// creates a new instance of List<String> and calls the constructor. var x := new List<String>; // creates an array of integers with size 15 var y := new int; // creates an array of integers with size 15 var y := MyRecord(5);
For classes and dynamic arrays, calling
new will allocate the necessary space on the heap to store the data on the heap. Since records are stack based, no allocation is necessary, and in fact the use of
new on record types is infrequent.
For both classes and record, the
new expression will also execute one of the type's Constructors.
new expression can optionally provide zero or more parameters, to the constructor, surrounded by parenthesis. Similar to regular method overloading, a type can provide multiple constructors, and the
new expression will pick the constructor that best matches the provided parameters. The parenthesis are optional (but encouraged) when no parameters are passed.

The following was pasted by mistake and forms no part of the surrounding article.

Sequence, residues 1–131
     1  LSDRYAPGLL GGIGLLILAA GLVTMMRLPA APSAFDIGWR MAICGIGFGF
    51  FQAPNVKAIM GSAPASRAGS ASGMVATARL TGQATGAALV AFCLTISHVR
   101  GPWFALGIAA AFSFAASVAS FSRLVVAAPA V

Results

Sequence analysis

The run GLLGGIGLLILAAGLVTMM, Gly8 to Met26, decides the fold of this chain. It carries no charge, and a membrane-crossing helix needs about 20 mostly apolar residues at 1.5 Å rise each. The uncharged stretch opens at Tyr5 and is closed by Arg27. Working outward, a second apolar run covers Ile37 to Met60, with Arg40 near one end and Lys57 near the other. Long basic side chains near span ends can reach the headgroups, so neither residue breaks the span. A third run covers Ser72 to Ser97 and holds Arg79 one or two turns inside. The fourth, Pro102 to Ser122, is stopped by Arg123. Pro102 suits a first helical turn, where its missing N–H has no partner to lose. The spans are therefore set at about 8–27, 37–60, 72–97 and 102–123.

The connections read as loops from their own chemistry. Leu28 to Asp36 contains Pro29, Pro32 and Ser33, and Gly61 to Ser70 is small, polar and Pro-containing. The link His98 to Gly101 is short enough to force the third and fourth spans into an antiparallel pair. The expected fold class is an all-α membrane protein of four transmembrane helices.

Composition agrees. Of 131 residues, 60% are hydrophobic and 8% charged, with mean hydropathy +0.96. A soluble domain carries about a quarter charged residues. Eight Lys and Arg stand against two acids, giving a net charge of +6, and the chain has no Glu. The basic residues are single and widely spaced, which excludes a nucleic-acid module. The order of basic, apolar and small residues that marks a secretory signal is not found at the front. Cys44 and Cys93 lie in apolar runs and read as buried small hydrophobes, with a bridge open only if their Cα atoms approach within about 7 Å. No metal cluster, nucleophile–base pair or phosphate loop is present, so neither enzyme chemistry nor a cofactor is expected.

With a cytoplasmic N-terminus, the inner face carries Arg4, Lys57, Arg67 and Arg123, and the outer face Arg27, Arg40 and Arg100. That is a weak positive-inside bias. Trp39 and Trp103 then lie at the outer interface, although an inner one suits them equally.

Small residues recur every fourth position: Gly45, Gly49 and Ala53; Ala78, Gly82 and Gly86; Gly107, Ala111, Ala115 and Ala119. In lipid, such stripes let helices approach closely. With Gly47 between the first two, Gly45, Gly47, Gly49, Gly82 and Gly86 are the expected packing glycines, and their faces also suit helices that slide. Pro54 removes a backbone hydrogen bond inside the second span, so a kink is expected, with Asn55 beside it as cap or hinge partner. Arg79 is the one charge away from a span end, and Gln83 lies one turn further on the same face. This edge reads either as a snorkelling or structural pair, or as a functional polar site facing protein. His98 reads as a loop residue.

var x := new MyClass(15); // Calls the constructor with 15
Types may also provide named constructors, typically starting with the prefix
with, that can be used to further disambiguate, which constructor will be called:
var x := new List<String> withCapacity(20);
Very often, the first task after creating a class instance is to initialize some of its properties that are not set by a constructor. For example:
var b := new Button(); b.Title := 'Click me!';
Oxygene allows to add property initializers as part of the parameter list, to do this in one step. this is especially helpful when the created object is immediately passed on to, say, a method call:
fContriols.Add(new Button(Title := "Click me!");
This extended syntax is only supported for constructors, and the property initializers must be placed after any of the regular constructor parameters.